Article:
3. Constantly expand your skill set
Thinks of yourself as a decathlete, suggests Arsenal Capital’s Mullen. Once you’ve mastered the shot put and javelin, you’re still only 20% of the way to being competitive. As a post-MBA associate you’re already good at building models and working with spreadsheets; you’re brimming with energy. But never forget, throughout your career, that you have many more skills to master—relationship skills so that your team members trust you, project management skills to keep due diligence on track, management skills so that one day you can lead a deal team, fundraising skills so that you can help keep the war chest filled. By the same token, be honest with yourself about weaknesses and what you don’t know; look to your team members to fill in the gaps.
4. Develop deep industry expertise
While you want to constantly broaden your skill set, you also need to develop deep expertise in at least an industry or two. Don’t think of this as limiting. Many of the best-performing private equity firms specialize in a single field; even many historically generalist firms now channel their energies into just a handful of markets. At Arsenal Capital, which specializes in health care, specialty industrial and financial services, Mullen said the best way for junior professionals to have an impact is to really know their fields. Know the growth trends. Know how technological innovations are affecting companies. Think strategically and become that person in the room who’s really additive.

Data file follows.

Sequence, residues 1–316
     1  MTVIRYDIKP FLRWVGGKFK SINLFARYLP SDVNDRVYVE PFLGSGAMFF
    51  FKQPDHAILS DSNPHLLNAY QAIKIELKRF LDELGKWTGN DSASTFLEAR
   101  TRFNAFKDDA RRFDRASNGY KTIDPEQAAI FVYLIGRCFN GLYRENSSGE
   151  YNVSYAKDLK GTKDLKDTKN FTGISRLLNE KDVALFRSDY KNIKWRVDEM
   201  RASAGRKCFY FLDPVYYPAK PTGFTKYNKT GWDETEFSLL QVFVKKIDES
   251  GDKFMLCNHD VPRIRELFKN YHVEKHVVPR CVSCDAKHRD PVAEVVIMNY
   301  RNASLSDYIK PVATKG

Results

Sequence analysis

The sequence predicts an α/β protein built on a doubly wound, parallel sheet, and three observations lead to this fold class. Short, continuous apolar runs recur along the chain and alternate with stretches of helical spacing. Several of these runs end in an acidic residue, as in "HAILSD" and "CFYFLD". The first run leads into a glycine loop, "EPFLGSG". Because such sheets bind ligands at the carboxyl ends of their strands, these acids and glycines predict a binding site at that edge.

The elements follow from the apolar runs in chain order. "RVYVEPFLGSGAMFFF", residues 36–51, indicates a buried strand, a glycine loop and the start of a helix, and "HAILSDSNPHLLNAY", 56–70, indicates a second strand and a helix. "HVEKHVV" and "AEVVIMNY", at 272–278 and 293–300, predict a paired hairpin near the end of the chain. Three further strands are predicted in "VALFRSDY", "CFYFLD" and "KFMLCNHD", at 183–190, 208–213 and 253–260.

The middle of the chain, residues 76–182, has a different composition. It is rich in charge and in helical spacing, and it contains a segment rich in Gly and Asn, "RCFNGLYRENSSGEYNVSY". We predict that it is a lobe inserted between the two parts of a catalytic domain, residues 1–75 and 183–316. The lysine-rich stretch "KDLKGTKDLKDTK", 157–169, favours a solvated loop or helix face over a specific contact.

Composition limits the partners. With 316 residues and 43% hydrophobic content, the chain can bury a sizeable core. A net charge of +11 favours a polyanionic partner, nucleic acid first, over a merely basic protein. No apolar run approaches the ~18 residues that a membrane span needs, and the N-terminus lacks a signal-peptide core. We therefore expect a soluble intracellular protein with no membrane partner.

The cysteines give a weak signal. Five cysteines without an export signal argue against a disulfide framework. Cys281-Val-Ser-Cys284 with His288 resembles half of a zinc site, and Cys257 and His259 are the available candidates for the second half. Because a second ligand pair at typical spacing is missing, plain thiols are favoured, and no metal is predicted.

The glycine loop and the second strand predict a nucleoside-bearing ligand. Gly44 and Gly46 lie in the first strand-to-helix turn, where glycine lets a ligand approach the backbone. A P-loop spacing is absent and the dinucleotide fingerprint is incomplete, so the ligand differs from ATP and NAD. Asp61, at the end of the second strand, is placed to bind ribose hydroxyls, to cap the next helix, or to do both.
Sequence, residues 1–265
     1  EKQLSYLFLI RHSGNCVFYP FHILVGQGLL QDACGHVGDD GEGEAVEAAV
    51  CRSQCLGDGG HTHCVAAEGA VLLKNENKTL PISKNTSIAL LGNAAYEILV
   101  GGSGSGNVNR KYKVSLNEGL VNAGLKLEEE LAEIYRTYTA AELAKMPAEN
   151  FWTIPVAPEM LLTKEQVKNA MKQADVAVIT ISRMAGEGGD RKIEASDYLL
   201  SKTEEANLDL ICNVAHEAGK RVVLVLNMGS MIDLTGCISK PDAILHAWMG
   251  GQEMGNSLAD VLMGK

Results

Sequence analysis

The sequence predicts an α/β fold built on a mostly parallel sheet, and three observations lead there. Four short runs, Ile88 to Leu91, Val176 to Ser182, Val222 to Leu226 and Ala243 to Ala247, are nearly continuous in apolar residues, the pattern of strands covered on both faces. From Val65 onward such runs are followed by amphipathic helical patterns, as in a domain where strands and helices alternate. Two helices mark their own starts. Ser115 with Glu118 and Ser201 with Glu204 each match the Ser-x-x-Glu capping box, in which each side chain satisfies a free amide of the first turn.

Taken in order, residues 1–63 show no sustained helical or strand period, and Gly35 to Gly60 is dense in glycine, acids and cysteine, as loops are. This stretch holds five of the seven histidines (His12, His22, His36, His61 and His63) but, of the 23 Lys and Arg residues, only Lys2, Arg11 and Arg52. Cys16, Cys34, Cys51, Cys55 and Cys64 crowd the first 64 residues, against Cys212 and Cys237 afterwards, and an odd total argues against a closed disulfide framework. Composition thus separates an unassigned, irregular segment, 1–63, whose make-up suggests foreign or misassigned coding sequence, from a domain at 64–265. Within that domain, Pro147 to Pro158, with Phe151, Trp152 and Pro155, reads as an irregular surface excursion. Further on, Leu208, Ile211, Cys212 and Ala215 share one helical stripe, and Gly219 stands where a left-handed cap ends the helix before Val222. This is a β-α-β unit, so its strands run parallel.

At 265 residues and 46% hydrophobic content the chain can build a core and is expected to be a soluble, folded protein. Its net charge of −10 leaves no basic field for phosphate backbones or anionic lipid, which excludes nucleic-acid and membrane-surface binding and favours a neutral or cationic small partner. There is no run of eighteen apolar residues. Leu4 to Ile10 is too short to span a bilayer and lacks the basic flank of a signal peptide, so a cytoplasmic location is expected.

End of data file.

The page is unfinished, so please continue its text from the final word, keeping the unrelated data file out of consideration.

5. Figure out what kind of deal-maker you are—before your firm does
Do you like working with small companies, mid-sized companies, or large companies? Are you someone who’s naturally kind, considerate and supportive of colleagues, or do you thrive in a more cut-throat work environment? Do you, like Arsenal Capital’s Mullen, think of yourself as someone committed to acting with integrity, honesty, trust and respect at all times? Figure out who you are, and find a firm whose culture and values are a good fit. If you can’t figure out where you belong, you’re putting your career at risk before it really gets started.
6. Remember that private equity is a team sport
This may seem like ironic advice in a piece about how to move up the ranks, but in the heat of deal-making it can help to maintain a zen-like remove from your own ambition and self-interest. If you’re trying to get a hand on all the best deals you could mark yourself a poor cultural fit, said Roberts of the Riverside Company. Did you take advantage of that opportunity to mentor a pre-MBA associate? Are you willing to be exceptionally flexible in what roles and responsibilities you take on for any given transaction? Be willing to pitch in, be upfront about how much you can accomplish in a given period of time, and ask for help from your team when you need it. This is the path to enlightenment—err, partnership.